Although the company set up its Indonesia business by itself in January 2016 (under the brand ‘Modalku’, or ‘my capital’ in Bahasa), it subsequently partnered with Bank SinarMas, to provide references as well as an escrow service.
And it signed a similar agreement with RHB Bank before it opened doors in Malaysia at the start of 2017, Teo says. It also did so only after securing one of six licenses to operate P2Ps in the country issued by the Securities Commission.
“We do see the value in partnering with a bank, but we can also go in by ourselves,” Teo said. Moreover, the underwriting and the collection of loans remains the P2P’s responsibility.
He says banks enter these agreements for intangible reasons. P2Ps are facilitating financing that banks don’t want to do anymore, or have never done. But banks recognize that some P2Ps might grow to a size that matters, and so they’re developing relationships early. They also see value in being seen as aligning themselves with trendy techies, and it can help them push internal reforms to promote innovation and agile working.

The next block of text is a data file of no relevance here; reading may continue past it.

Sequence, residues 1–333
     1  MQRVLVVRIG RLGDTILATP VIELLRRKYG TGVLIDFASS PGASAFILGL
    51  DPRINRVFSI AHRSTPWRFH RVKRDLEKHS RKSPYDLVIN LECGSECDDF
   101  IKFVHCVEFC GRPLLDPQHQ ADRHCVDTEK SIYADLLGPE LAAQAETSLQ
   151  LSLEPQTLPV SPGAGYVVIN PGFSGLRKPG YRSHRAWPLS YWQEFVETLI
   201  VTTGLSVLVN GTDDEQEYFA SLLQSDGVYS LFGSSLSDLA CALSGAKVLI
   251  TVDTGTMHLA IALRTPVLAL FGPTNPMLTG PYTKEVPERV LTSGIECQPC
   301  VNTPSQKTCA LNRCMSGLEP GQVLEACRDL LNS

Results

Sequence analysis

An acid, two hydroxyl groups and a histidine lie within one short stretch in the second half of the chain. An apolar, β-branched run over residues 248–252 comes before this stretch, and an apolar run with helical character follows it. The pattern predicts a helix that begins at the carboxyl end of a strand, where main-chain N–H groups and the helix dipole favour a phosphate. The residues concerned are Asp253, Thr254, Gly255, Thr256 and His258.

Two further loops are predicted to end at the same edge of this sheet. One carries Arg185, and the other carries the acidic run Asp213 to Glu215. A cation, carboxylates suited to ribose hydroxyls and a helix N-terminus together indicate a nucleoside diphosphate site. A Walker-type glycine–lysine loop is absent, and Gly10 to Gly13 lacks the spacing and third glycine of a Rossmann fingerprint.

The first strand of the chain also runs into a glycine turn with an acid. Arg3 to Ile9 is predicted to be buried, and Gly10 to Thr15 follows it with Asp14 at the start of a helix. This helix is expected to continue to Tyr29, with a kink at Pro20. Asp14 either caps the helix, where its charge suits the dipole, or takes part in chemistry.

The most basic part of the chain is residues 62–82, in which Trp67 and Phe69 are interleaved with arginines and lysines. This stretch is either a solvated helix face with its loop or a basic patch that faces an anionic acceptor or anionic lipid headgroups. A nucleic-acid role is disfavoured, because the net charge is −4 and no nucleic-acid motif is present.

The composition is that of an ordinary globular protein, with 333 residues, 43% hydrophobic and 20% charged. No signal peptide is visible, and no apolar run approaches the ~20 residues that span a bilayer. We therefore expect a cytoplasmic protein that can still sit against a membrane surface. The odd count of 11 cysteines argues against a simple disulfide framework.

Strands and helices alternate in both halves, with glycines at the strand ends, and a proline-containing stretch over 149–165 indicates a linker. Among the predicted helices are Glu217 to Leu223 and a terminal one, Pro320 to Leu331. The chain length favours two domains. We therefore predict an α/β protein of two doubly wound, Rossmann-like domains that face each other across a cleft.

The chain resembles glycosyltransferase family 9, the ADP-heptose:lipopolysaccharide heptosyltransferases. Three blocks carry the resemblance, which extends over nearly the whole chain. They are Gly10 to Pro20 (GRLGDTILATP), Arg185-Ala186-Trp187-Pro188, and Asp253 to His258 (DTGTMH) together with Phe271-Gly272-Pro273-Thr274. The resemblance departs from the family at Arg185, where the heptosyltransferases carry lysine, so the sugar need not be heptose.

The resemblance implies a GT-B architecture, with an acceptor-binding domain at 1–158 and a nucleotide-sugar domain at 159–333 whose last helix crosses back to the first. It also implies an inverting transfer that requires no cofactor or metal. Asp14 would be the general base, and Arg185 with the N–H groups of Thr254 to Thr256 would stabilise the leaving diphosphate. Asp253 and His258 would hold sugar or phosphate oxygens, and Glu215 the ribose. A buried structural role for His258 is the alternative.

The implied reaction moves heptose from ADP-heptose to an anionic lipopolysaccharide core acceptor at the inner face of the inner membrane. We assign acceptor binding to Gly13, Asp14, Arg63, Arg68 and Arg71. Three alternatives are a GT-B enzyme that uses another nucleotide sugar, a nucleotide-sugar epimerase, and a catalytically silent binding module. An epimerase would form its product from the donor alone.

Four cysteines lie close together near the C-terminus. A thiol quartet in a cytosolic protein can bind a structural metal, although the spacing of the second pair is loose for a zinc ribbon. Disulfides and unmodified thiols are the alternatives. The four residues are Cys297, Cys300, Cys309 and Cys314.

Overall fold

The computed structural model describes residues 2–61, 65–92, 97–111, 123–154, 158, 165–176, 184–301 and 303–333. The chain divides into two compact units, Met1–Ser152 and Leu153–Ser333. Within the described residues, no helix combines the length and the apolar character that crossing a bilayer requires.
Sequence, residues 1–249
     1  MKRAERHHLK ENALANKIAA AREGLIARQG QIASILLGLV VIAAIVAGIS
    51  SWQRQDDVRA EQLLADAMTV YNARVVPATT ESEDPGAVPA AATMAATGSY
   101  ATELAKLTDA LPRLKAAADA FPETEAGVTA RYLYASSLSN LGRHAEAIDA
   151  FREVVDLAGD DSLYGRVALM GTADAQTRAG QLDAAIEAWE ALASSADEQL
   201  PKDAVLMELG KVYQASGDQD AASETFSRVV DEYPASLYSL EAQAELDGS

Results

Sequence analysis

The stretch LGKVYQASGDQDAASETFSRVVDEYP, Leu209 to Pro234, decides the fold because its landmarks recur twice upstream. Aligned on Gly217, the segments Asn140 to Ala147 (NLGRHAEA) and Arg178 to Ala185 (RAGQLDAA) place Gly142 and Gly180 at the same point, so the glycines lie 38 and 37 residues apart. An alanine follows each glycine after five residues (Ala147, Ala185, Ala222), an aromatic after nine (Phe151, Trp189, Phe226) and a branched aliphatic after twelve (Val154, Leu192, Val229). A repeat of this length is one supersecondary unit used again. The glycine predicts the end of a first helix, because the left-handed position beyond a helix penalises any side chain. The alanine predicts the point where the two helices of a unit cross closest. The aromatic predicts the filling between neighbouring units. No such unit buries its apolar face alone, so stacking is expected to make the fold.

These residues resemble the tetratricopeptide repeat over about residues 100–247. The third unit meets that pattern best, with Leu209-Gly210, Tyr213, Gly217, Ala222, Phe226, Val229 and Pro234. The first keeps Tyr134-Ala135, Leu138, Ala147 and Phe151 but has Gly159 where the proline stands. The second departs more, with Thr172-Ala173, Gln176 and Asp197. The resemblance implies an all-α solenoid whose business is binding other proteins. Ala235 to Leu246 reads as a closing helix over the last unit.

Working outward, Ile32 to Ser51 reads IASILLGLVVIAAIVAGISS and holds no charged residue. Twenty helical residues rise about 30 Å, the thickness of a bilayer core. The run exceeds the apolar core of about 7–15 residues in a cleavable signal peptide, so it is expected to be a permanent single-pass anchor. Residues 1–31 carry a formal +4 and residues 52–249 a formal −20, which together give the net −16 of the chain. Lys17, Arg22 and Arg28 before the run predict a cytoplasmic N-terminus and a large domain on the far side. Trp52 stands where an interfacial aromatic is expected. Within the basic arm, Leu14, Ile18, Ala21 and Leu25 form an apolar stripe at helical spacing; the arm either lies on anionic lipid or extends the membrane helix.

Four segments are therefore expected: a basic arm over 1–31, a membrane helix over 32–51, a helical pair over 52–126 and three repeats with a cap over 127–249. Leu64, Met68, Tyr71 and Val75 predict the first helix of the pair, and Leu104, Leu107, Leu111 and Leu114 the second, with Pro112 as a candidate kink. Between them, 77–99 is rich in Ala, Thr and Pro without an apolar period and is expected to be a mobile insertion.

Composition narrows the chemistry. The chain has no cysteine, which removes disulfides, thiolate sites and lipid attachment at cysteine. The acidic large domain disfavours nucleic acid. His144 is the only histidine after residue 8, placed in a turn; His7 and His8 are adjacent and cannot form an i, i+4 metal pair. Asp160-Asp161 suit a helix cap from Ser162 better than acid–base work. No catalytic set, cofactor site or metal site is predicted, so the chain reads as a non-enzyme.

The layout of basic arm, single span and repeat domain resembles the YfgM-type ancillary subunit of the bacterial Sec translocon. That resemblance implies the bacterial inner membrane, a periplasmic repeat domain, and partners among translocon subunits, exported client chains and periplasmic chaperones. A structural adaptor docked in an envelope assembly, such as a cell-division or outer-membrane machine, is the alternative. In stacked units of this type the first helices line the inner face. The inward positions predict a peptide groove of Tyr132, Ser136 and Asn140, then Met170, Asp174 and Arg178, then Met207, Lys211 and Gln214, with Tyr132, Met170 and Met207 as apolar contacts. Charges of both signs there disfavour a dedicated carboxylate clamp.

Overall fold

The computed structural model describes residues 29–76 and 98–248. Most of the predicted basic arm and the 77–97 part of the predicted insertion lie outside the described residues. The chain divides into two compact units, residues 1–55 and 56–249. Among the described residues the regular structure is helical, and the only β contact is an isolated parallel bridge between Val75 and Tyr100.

However, partnerships with banks don’t impact the risk-return calculation for P2Ps.
Despite the high risk of operating in Indonesia and Malaysia, Teo says the interest rates offered to investors can’t be too high, as that would go against the platform’s goal of helping SMEs obtain financing. It charges Indonesian companies 18% to 22% annualized for an unsecured loan, versus 5% to 6% for a fixed deposit. (Funding Societies also mostly facilitates unsecured loans, with invoice financing only 20% of its mix.)
“We’re still evaluating whether to enter other markets,” Teo told DigFin. “They all have different regulation, different economies, different social structures.” But he says there are no immediate plans to add a new market, in part because the founders simply don’t have enough local experience.
This article originally appeared on July 3, 2017.